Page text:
, Volume 11, Issue 2, pp 193–208 | Cite as

Ecosystem Recovery Across a Chronosequence of Restored Wetlands in the Platte River Valley

  • Clinton K. Meyer
  • Sara G. Baer
  • Matt R. Whiles


Wet meadows in the Platte River valley (PRV) consist of linear wetlands in mesic prairie matrix systems that have been degraded and diminished for agriculture. Restoration in this region is a widespread practice that involves land contouring and seeding native species, however ecosystem recovery following restoration has never been examined. We quantified recovery trajectories and rates of above- and belowground plant biomass, soil physical and chemical properties, and C and N pools in a chronosequence of six restored wet meadows in relation to three natural wetlands. Within each site, we sampled sloughs (deeper habitats) and adjacent margins (slightly higher elevation) for three consecutive years. Varying hydrologic regimes between habitats resulted in differential patterns in ecosystem measurements (bulk density, C mineralization) in both natural and restored wetlands. Total aboveground biomass (TAB), root biomass, root C and N storage, total soil C and N, microbial N, and extractable N increased with years restored in both margins and sloughs. The model predicted rates of increase did not differ between habitats, but elevations of linear regressions were higher in sloughs than margins for root N, total soil C, total soil N, MBN, and extractable total N (P < 0.05). Our results suggest that bulk density and soil organic matter (SOM) represent two useful, easily measured indices of ecosystem recovery, because they were correlated with many pools and fluxes of C and N. Furthermore, we conclude that most change in ecosystem structure and function during the first decade following restoration occurs in shallow soil depths, and ecosystem recovery varies with subtle differences in elevation and associated plant community structure.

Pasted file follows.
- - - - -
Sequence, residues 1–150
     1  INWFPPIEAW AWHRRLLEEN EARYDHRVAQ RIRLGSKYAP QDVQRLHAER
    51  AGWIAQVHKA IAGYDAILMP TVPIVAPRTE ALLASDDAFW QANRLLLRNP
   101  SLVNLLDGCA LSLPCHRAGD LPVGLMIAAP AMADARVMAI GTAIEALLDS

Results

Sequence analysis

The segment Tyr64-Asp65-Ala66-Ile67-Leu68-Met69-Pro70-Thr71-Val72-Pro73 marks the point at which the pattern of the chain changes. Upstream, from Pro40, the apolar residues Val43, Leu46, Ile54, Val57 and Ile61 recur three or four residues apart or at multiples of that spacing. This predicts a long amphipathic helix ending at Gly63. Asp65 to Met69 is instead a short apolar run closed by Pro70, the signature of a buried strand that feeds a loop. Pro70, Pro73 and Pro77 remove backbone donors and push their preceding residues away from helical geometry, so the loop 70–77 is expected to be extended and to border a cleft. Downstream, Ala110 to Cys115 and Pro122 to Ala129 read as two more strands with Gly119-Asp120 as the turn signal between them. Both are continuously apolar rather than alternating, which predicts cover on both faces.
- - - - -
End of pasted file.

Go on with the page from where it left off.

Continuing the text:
aboveground biomass belowground carbon function restoration mineralization nitrogen root biomass wet meadow 



Funding for this research was provided by the Nebraska Game and Parks Commission, the U.S. Fish and Wildlife Service, and The Nature Conservancy of Nebraska. Logistical support was provided by the The Nature Conservancy and the Platte River Whooping Crane Maintenance Trust. Beth Goldowitz, Kent Pfeiffer, and Chris Helzer assisted with technical aspects of this research. Soil C and N samples were analyzed by the John Blair lab at Kansas State University.


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Copyright information

© Springer Science+Business Media, LLC 2008

Authors and Affiliations

  • Clinton K. Meyer
    • 1
    • 2
    • 3
  • Sara G. Baer
    • 1
    • 2
  • Matt R. Whiles
    • 1
    • 3
  1. 1.Center for EcologySouthern Illinois University CarbondaleCarbondaleUSA
  2. 2.Department of Plant BiologySouthern Illinois University CarbondaleCarbondaleUSA
  3. 3.Department of ZoologySouthern Illinois University CarbondaleCarbondaleUSA

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